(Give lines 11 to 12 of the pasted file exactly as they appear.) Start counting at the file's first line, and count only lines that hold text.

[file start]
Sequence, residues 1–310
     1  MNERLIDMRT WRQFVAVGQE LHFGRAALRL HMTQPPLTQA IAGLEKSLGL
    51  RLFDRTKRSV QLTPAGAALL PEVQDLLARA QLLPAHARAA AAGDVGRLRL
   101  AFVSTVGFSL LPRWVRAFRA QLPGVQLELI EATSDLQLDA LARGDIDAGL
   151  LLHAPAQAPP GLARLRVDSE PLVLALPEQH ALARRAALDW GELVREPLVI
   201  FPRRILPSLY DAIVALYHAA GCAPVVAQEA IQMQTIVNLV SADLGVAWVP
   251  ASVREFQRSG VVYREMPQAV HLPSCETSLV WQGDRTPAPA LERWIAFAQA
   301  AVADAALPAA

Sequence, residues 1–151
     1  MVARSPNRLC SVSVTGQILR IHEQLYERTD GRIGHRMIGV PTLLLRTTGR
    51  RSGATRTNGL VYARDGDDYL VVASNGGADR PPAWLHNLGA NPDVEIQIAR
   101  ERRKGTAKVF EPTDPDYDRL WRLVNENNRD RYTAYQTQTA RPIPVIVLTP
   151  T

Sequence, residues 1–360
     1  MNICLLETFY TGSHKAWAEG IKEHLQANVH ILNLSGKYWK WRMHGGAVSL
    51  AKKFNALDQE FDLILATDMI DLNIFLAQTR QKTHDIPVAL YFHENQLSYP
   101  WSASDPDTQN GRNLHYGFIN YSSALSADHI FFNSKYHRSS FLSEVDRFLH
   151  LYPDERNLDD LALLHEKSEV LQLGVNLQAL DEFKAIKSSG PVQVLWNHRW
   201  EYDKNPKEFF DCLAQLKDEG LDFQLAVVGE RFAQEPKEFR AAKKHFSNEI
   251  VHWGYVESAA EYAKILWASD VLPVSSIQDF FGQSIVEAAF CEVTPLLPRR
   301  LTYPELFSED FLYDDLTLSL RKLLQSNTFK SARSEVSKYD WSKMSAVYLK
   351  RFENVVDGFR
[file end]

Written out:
    51  RSGATRTNGL VYARDGDDYL VVASNGGADR PPAWLHNLGA NPDVEIQIAR
   101  ERRKGTAKVF EPTDPDYDRL WRLVNENNRD RYTAYQTQTA RPIPVIVLTP